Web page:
Category: prize

Cancer Essay Competition – 1st Prize Winner

Kathleen Bailey - 1st Prize Winner
Kathleen Bailey

Our 1st prize winner is:

 Kathleen Bailey

Originally from Somerset, Kathy is currently in her third year studying Biomedical Sciences at University of Manchester. She has had ambitions of going into cancer research throughout the course of her degree, so is intending on further study post graduation. Next year, she hopes to be studying a Master’s degree with the intention of PhD study afterwards. Congratulations, Kathy!

Cancer Research: Why we should ignore what we already know

One of medicine’s biggest challenges in the modern world is the fight against cancer. Nearly every person on the planet will have an experience with cancer of some description, which emphasises the scale of the impact of the disease and the devastating consequences that come with it. In the field of biomedicine, cancer research is one of the most exciting, yet challenging of its divisions. Researchers are discovering new mechanisms and pathways which enrich our understanding of the ways in which cancers can proliferate and sustain, however we still have a long way to go before we can overcome this deadly disease.

There are many different ways in which cancers manifest in the body, and as a result there are many different obstacles to overcome when considering therapeutic research. Much has focussed on the six biological hallmarks which are considered homologous in all cells defined as cancerous (Hanahan and Weinberg, 2011), however more recent research has pinpointed mechanisms unique to individual cancers, which may provide better treatment for sufferers. A prime example of this is ongoing research into pancreatic ductal adenocarcinoma (PDAC).

PDAC is known as one of the most aggressive forms of cancer, and is one of the least well understood. Gemcitabine and fluorouracil chemotherapies, along with pancreatectomy surgeries are often rendered unsuccessful due to a number of factors contributing to the aggressive nature of the disease, such as difficulty in early detection and strong metastatic activity in early stages of the disease. Four critical gene mutations have been defined (KRAS, CDKN2A, P53, SMAD4) and the role of inflammation has been touched upon by laboratories amongst a number of discoveries, yet the survival rate of PDAC has failed to improve over the past 40 years, and remains at a steady 5% (CRUK, 2017).

Researchers have found aspects of PDAC pathophysiology that contradict some of the things we accept to be true about cancer cells and their behaviour, and others that appear to be unique to this particular cancer. For example, rather than increased angiogenesis surrounding the tumour, there seems to be decreased vascularisation, and the extracellular matrix consists of a heterogenous stroma, which reduces treatment viability by limiting drug delivery to the tumour. As a result of this and other recent findings, many labs working on PDAC have moved their attention to targeting the stroma and the mechanisms through which it sustains tumours of the pancreatic ducts, and exploiting the unusual lack of vascularisation to improve chemotherapy (Gore and Korc, 2014).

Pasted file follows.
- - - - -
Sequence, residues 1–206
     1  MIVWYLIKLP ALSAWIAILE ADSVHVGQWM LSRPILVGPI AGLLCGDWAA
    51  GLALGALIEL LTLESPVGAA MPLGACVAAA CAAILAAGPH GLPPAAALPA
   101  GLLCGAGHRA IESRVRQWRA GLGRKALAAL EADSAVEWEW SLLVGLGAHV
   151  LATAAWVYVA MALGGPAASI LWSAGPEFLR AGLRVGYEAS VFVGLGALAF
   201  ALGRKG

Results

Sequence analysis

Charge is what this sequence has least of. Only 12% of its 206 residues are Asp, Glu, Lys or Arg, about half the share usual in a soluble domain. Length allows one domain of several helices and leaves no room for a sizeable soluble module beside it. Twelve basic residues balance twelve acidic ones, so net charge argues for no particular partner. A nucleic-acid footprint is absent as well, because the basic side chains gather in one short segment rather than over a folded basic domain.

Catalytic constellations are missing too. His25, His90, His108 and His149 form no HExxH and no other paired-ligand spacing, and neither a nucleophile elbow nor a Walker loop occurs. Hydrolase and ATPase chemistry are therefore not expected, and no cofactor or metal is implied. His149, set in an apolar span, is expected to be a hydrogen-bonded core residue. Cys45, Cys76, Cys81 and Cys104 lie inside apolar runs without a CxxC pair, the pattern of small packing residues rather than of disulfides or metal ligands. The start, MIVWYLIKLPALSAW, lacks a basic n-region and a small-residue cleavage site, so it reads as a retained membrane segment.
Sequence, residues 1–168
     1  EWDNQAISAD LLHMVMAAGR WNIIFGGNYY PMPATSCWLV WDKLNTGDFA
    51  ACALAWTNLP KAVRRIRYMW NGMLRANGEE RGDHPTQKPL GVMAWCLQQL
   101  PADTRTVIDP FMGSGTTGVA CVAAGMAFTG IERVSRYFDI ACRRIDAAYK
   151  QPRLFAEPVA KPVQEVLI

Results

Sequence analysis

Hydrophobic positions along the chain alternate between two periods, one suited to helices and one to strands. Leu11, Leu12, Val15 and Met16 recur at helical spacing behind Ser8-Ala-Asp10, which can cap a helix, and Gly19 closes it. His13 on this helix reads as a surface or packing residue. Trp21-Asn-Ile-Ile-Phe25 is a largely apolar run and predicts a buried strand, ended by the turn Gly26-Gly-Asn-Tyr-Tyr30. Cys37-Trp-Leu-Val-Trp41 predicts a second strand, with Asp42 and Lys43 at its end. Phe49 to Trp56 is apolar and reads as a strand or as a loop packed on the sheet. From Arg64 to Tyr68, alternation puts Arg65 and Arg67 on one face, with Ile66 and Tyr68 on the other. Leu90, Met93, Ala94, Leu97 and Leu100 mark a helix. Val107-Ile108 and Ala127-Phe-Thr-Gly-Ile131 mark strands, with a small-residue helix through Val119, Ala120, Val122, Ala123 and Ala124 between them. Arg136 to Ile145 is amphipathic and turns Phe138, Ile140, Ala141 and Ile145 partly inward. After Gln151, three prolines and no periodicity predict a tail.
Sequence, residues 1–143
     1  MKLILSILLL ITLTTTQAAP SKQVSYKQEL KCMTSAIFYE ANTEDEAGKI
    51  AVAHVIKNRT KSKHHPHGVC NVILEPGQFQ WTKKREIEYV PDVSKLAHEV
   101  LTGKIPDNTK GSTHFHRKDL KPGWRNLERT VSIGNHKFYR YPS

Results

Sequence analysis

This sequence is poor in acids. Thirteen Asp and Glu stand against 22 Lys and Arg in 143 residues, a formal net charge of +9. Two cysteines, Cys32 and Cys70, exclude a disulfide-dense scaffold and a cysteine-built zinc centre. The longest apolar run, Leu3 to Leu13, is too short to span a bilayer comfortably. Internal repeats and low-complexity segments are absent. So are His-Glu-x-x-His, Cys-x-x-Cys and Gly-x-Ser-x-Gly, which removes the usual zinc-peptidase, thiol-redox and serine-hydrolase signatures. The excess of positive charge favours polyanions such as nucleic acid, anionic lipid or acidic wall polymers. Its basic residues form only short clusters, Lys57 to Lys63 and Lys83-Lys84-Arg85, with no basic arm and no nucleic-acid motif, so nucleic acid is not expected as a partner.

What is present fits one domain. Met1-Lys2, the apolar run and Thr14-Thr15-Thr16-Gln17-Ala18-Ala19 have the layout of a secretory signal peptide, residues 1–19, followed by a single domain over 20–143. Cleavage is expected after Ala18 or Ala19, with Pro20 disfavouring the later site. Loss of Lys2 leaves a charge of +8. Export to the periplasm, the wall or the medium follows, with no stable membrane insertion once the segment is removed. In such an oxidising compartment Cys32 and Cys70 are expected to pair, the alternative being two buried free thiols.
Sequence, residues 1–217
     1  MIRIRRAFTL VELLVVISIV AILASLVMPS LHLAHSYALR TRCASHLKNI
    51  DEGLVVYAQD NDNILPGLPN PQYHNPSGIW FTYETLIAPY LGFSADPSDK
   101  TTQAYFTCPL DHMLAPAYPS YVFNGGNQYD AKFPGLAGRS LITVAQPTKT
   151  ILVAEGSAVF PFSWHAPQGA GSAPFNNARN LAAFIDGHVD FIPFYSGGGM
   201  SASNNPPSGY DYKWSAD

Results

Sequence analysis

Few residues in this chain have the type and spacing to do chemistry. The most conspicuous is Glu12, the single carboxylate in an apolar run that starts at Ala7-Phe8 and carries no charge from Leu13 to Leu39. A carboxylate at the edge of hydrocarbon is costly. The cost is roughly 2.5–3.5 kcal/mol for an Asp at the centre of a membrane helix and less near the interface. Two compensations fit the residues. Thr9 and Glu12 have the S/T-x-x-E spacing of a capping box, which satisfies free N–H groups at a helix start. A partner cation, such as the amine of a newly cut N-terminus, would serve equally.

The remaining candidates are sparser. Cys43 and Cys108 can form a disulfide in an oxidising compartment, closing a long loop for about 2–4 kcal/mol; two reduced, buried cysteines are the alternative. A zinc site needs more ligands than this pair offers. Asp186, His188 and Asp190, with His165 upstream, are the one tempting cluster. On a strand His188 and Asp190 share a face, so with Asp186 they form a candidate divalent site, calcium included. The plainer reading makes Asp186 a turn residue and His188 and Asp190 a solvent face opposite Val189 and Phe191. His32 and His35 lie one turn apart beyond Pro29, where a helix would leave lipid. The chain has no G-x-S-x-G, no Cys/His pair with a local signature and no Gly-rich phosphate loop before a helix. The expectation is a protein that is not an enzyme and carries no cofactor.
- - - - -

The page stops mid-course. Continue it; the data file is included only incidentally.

These breakthroughs suggest perhaps the direction to be heading in with cancer research is to identify unique aspects of each cancer and target these directly, rather than using broad spectrum approaches. Cancers should be treated as unique to organs or systems and therefore treatments need to be refined using new, unorthodox approaches. For example, manipulating upstream open reading frames with respect to the DNA sequence of a particular cancer to influence proliferative activity – such as the ERCC5 polymorphism identified in carcinoma cells, or identifying stem cell niches within particular tumour regions to target the origin of sustained proliferation (Yang, 2011).

Following these breakthroughs, and with help from the power of multiple approaches to research, we have the ability to be steps away from beating cancer once and for all.


  1. Cancer Research UK. (2017).. [online] Available at: [Accessed 22 Dec 2017].
  2. Gore, J. and Korc, M. (2014). Pancreatic Cancer Stroma: Friend or Foe?. Cancer Cell, 25(6), pp.711-712.
  3. Hanahan, D. and Weinberg, R. (2011). Hallmarks of Cancer: The Next Generation. Cell, 144(5), pp.646-674.
  4. Yang, S. (2011). Role of ERCC5 polymorphism in risk of hepatocellular carcinoma. Oncology Letters.

Cancer Essay Competition – 2nd Prize Winner

Diya Kapila - 2nd Prize Winner
Diya Kapila

Our 2nd prize winner is:

 Diya Kapila

Diya is in her final year at Imperial College School of Medicine, where she undertook a BSc in Gastroenterology and Hepatology. She has worked as an academic researcher exploring the microbiome and its role in Clostridium Difficile infection. In the future, she hopes to pursue an academic clinical career in medicine. Congratulations, Diya!

Microbiome and Cancer: a Promising Future

This decade, the thrilling evolution of novel systems biology technologies has allowed us to explore the nexus between health and disease with greater innovation and scrutiny than ever before. Through metabonomics, metabolite exploration of biofluids, and metagenomics/metataxonomics, quantifying structure and functions of bacterial communities (1), the pronounced role of our microbiome in carcinogenesis, immune-surveillance and disease is becoming highly evident. Yet its vast future role in cancer investigation and treatment remains largely uncertain, with several important questions still to be answered.

Research purporting to the importance of our gut microbiome in various diseases, including Crohn’s disease, asthma and diabetes, is widely recognised. However, we are now gaining an appreciation of the complex interplay between our microbiome, inflammation and cancer: colorectal carcinogenesis is a notable example where gut F. nucleatum, B. fragilis, S.bovis and E. coli appear to play an active role (2). Another interesting facet of our microbiome is its relationship with our bile acid composition and pool size. Disturbance to this equilibrium can lead to numerous gastrointestinal cancers: research links cirrhosis, faecal bile acid concentrations and gut microbiota composition (3); and microbiota-mediated production of deoxycholic acid is associated with hepatocellular carcinoma (4). Interestingly, recent evidence shows that our gut microbiota play a further role, to enhance tumour immune-surveillance (5). It is now being shown that even cancer therapies, including oxaliplatin and cyclophosphamide efficacy are affected by distinct microbial environments (5). This renders the question: could we manipulate our microbiome to enhance chemotherapy in the future? The ability to modify our microbiome is remarkable, notably through probiotics, diet, antibiotics and age- perhaps now we could use this knowledge to alter it as a medical adjuvant to treatment, or even as a treatment itself.